Concrete Products

MAY 2017

Concrete Products covers the issues that attract producers of ready mixed and manufactured concrete focusing on equipment and material technology, market development and management topics.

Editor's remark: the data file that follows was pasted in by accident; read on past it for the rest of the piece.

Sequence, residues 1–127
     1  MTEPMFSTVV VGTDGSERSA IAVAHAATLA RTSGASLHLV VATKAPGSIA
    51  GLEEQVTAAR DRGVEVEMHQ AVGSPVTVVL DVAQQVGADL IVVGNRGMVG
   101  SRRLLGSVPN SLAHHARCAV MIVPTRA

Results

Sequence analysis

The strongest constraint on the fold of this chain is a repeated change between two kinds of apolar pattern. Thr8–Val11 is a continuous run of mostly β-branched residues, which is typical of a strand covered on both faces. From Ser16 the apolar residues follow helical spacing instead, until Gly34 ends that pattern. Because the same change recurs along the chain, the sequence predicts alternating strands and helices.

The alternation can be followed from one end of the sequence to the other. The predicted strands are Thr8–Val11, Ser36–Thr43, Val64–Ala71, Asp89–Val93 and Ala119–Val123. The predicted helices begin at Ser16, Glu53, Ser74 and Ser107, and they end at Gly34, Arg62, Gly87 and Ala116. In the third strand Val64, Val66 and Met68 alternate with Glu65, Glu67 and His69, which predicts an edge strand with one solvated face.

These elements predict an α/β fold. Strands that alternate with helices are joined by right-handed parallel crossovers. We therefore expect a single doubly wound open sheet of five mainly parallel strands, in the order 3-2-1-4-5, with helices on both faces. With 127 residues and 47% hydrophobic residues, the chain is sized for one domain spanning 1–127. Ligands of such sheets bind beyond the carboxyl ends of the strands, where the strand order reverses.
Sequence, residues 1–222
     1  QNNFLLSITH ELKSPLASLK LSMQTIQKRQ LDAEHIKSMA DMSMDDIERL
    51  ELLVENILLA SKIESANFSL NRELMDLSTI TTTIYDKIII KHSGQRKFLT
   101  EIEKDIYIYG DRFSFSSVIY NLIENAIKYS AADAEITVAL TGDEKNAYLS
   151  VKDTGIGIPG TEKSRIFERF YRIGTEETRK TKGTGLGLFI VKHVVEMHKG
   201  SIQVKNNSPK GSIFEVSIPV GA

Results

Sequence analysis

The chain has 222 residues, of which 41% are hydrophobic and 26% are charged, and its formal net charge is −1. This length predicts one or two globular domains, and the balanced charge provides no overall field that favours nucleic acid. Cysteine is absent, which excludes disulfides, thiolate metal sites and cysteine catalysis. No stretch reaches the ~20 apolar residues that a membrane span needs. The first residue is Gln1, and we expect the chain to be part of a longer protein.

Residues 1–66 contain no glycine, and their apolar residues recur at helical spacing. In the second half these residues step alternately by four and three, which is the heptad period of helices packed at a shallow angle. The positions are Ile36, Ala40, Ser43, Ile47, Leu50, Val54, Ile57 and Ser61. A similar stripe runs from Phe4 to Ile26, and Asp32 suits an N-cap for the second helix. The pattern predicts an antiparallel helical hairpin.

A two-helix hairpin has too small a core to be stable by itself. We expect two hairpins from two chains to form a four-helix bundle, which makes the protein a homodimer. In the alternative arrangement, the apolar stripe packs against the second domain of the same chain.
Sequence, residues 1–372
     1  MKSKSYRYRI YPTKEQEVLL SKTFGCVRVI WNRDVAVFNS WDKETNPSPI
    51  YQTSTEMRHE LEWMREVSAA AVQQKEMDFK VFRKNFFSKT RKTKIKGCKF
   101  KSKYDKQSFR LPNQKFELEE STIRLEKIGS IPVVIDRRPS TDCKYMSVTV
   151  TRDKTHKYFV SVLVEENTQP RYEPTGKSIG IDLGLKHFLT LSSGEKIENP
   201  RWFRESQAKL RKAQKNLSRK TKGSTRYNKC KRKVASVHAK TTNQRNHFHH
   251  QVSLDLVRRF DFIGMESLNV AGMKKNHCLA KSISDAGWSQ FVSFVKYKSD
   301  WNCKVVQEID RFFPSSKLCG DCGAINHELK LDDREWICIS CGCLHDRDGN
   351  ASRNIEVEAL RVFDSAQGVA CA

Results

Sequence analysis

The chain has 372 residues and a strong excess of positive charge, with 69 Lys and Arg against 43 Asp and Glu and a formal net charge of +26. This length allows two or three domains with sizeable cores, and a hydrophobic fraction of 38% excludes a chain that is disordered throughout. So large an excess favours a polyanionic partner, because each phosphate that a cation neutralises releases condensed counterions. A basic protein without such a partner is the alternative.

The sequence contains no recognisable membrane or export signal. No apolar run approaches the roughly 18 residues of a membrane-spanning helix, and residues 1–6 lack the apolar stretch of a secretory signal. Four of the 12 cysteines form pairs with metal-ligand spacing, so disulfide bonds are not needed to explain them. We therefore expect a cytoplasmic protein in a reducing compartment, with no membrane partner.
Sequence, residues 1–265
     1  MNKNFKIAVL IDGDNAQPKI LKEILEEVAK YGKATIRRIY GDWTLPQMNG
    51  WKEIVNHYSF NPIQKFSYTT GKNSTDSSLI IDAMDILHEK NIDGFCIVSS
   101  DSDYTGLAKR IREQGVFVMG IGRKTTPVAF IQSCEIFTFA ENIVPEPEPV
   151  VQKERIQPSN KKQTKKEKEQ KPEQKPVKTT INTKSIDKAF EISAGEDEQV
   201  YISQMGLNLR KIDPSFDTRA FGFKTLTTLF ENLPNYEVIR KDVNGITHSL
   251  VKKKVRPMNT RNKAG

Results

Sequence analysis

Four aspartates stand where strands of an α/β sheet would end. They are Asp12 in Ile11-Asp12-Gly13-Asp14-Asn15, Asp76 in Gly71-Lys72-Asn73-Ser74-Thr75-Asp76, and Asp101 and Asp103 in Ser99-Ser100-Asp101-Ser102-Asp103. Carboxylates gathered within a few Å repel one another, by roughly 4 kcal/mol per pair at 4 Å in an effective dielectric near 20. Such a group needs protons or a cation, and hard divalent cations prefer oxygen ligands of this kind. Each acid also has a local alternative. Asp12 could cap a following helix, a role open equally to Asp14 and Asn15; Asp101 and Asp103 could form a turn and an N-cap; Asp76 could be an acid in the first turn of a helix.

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32 • May 2017 www.concreteproducts.com Scottsdale, Ariz.-based Salt River Materials Group (SRMG) has added advanced blending capability to increase its stock of Class F fly ash, supplies of which have tightened due to weather and regulatory factors, plus changes in electric power generation. The producer landed an ash management contract in May 2016 for the Coronado Generating Station in St. John's, Ariz., where twin, 400-megawatt units run on low sulfur, Powder River Basin coal, and net up to 150,000 tons of Class C ash annually. Coronado joins contracts SRMG has acquired since 1973 covering Class F fly ash management at four Arizona and New Mexico generating stations; a contract involving a fifth such source, the Deseret Power Electric Cooperative station in Bonanza, Utah, just took effect (note page 34). Although widely adopted in manufactured concrete and stucco, Class C fly ash is restricted in key Southwest markets due to agency concerns with the material's limited role in combating alkali-sil- ica reactivity (ASR). To extend supply of Class F ash, synonymous with ASR factors and concrete mix economy, SRMG has engineered a system at its 19th Avenue Terminal, one of the company's five cemen- titious materials distribution facilities serving the Phoenix market. Twin Cyclonaire CB-150 Series Blend-Veyors have been deployed to blend and convey Class C and Class F ashes in semi-dense phase. Through precise weighing and robust blending, the CB-150s finish powder with calcium oxide content and other properties equivalent to a Class F ash per ASTM C618, Standard Specification for Coal Fly Ash and Raw or Calcined Natural Pozzolan for Use in Concrete. The 19th Avenue Terminal has four conventional elevated silos, two 200-ton and two 400-ton capacity, plus a main, 5,000-ton slip formed concrete structure at grade. The Blend-Veyors rest at the base of the larger elevated silos, Class C forward, Class F aft. A series of air slides crisscrossing lower and mezzanine levels, and linking the four elevated vessels, will maximize the variety of Class C-F blends deliverable on short leads. The CB-150 Blend-Veyors consist of pods holding up to 4,500 lbs. of material and bearing on load cells, plus lower cone portions with 16 aeration points. A typical 90-second blending cycles equates to 25-30 tons/hour output. "We have blended Class C and Class F ashes by a more conventional, but less precise method: Blowing material simultaneously from two railcars into a dedicated silo," says SRMG Senior Vice President, Pozzolans Dale Diulus, P.E. "The new equipment supports a reproducible process, with much more verifiable blends of Class C and Class F ash feeds." FEATURE BY DON MARSH Better Blends Salt River Materials terminal leverages Class C feed to raise Class F ash output Continued on page 34 Class C (left) and Class F silos.

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